In a letter sent to Senators on October 31, three Roman Catholic bishops explained their opposition to the Employment Non-Discrimination Act (ENDA), which seeks to prohibit workplace discrimination on the basis of sexual orientation and gender identity.

On Monday, ENDA cleared a critical hurdle in the Senate. However, the bill faces a steep incline in the Republican-controlled House.

(Related: Gay protections bill ENDA clears cloture hurdle in Senate.)

“All people are created in the image and likeness of God and thus possess an innate human dignity that must be acknowledged and respected by other persons and by law,” the bishops wrote. “Furthermore, 'work,' as Pope Francis recently said, 'is fundamental to that dignity.' Thus the Catholic Church has consistently stood with workers in this country and continues to oppose unjust discrimination in the workplace.”

However, the bishops added that the church could not support ENDA because it rejects a biological basis of gender, equates sexual orientation with race, undermines marriage and threatens religious liberty.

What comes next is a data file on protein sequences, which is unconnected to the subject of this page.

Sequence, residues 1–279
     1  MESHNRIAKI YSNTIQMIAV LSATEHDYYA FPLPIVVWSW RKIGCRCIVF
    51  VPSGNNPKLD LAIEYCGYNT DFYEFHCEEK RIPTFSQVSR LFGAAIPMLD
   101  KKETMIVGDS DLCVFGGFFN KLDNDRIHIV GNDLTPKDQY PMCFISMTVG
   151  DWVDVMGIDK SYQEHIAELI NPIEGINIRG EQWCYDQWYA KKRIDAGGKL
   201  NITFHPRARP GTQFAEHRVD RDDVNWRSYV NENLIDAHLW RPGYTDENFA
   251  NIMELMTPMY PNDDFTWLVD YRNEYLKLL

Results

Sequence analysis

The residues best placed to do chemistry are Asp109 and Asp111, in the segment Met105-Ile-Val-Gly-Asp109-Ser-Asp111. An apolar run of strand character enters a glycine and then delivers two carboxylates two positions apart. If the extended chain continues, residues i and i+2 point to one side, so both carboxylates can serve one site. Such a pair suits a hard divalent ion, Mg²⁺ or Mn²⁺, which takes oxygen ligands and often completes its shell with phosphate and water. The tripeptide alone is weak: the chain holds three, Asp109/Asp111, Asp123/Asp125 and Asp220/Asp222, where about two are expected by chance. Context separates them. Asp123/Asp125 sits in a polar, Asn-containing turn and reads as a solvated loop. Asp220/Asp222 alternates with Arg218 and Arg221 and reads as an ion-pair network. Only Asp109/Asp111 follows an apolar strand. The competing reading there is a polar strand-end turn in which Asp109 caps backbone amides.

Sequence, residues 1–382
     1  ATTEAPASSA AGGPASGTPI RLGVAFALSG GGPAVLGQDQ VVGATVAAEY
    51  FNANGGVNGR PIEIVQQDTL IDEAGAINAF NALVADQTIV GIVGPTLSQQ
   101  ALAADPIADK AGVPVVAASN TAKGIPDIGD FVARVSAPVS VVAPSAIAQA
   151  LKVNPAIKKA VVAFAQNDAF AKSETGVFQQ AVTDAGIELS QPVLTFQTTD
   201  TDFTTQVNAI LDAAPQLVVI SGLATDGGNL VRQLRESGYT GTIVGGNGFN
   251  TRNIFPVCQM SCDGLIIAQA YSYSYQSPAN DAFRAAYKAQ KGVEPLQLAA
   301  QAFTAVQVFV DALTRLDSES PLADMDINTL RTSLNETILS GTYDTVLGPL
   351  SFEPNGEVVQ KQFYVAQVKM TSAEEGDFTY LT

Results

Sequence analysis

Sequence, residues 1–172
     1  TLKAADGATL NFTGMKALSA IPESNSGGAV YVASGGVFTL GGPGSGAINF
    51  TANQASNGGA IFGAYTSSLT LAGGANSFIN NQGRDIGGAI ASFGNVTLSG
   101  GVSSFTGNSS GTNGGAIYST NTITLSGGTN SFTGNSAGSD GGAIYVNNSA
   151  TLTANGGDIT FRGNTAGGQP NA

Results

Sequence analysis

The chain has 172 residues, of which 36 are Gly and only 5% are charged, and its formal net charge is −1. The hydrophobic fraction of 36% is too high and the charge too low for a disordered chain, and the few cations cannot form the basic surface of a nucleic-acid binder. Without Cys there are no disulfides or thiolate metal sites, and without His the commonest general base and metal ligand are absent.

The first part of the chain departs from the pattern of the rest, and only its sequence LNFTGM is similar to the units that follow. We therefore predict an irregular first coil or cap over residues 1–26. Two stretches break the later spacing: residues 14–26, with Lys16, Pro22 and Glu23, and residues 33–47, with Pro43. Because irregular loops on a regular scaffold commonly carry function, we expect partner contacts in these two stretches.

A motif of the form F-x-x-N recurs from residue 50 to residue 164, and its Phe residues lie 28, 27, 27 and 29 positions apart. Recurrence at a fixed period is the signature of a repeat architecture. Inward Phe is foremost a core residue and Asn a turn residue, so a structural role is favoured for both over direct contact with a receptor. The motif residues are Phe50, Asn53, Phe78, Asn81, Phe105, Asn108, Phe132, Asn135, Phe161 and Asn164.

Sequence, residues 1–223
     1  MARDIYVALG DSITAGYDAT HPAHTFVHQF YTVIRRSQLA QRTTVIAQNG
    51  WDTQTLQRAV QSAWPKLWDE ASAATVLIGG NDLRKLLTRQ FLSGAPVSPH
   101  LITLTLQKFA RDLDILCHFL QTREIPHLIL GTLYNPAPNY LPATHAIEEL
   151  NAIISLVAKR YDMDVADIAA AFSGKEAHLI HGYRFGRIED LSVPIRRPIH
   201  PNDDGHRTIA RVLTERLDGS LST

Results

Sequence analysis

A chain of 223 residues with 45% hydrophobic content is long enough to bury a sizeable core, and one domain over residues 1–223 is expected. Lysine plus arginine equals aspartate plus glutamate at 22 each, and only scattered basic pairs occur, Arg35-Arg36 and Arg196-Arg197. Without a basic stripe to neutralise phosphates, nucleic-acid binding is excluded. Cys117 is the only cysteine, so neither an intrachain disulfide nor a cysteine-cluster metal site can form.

“Based on experience in state courts, it is likely that ENDA would be invoked by federal courts to support the claim that, as a matter of federal constitutional right, marriage must be redefined to include two persons of the same sex,” the letter reads in part.

The letter is signed by three chairmen of the United States Conference of Catholic Bishops (USCCB): Bishop Stephen Blaire of Stockton, California, Archbishop Salvatore Cordileone of San Francisco, and Archbishop William Lori of Baltimore.

The bishops did not mention Pope Francis' recent call for the Catholic Church to pay less attention to its rules on abortion, same-sex marriage and contraception.

(Related: Pope Francis says Catholic Church should welcome all, gays included.)